Neuropathic pain (nerve pain) is often severe and is generally not relieved by standard painkillers such as paracetamol and ibuprofen. Conditions which cause neuropathic pain include diabetic neuropathy, shingles and sciatica. There are no specific guidelines for the treatment of neuropathic pain in pregnant women. Treatment should usually be overseen by an obstetrician and pain specialist, and medication options may include amitriptyline (usually offered first) and then possibly duloxetine, gabapentin or pregabalin. Amitriptyline is quite commonly used in pregnancy, whereas duloxetine, gabapentin and pregabalin are less commonly used to treat pain in pregnancy.

When deciding which medicine to use, your doctor will help you to weigh up the benefits of each treatment against any possible risks to you and your baby. Use of some of these medicines around the time of delivery can cause withdrawal symptoms in the baby which may require some short-term treatment. For specific information on these medicines please see the individual bump leaflets on amitriptyline, duloxetine, gabapentin, and pregabalin.

What if I have already used a painkiller during pregnancy?

Paracetamol is the painkiller of choice for use in pregnancy and its use does not require medical supervision. It is not uncommon for women to have used other types of painkiller early in pregnancy before finding out they are pregnant. In general, this type of use is not expected to harm the baby. It is important that women who take an NSAID long-term who become pregnant consult their doctor as, if possible, their medicine will need to be altered before week 30 of pregnancy. 

Pregnant women with long-term pain and/or specific pain conditions should speak to their doctor about appropriate pain relief options. Women taking opiates/opioids and painkillers for neuropathic pain around the time of delivery may be advised to have their baby at a hospital with facilities for treating the baby after birth for any withdrawal symptoms.

Who can I talk to if I have questions?

If you have any questions regarding the information in this leaflet please discuss them with your health care provider. They can access more detailed medical and scientific information from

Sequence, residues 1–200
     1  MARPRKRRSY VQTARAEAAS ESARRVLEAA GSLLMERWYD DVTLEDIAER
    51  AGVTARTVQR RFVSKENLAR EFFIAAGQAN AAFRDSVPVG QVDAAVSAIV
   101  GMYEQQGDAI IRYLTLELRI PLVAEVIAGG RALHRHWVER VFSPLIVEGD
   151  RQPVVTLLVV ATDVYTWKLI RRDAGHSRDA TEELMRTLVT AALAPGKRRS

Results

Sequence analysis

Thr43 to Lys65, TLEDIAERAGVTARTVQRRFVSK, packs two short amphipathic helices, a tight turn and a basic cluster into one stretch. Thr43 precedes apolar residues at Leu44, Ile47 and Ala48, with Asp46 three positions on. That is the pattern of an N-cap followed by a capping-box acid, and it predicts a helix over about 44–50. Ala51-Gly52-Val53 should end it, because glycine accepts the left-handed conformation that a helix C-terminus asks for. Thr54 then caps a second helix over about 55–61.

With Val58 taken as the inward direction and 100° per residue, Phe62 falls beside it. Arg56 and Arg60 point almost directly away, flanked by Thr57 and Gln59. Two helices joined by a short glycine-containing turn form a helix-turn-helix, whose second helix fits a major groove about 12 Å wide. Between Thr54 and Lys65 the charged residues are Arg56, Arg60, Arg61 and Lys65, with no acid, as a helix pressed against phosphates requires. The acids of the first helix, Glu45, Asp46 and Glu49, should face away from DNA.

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General information 

Up to 1 out of every 5 pregnancies ends in a miscarriage, and 1 in 40 babies are born with a birth defect. These are referred to as the background population risks.  They describe the chance of these events happening for any pregnancy before taking factors such as the mother’s health during pregnancy, her lifestyle, medicines she takes and the genetic make up of her and the baby’s father into account.

Medicines use in pregnancy

Most medicines used by the mother will cross the placenta and reach the baby. Sometimes this may have beneficial effects for the baby.  There are, however, some medicines that can harm a baby’s normal development.  How a medicine affects a baby may depend on the stage of pregnancy when the medicine is taken. If you are on regular medication you should discuss these effects with your doctor/health care team before becoming pregnant.

If a new medicine is suggested for you during pregnancy, please ensure the doctor or health care professional treating you is aware of your pregnancy.

When deciding whether or not to use a medicine in pregnancy you need to weigh up how the medicine might improve your and/or your unborn baby’s health against any possible problems that the drug may cause. Our bumps leaflets are written to provide you with a summary of what is known about use of a specific medicine in pregnancy so that you can decide together with your health care provider what is best for you and your baby.   

Every pregnancy is unique. The decision to start, stop, continue or change a prescribed medicine before or during pregnancy should be made in consultation with your health care provider. It is very helpful if you can record all your medication taken in pregnancy in your hand held maternity records.

Disclaimer: This information is not intended to replace the individual care and advice of your health care provider. New information is continually becoming available. Whilst every effort will be made to ensure that this information is accurate and up to date at the time of publication, we cannot cover every eventuality and the information providers cannot be held responsible for any adverse outcomes following decisions made on the basis of this information. We strongly advise that printouts should NOT be kept for any length of time, or for “future reference” as they can rapidly become out of date.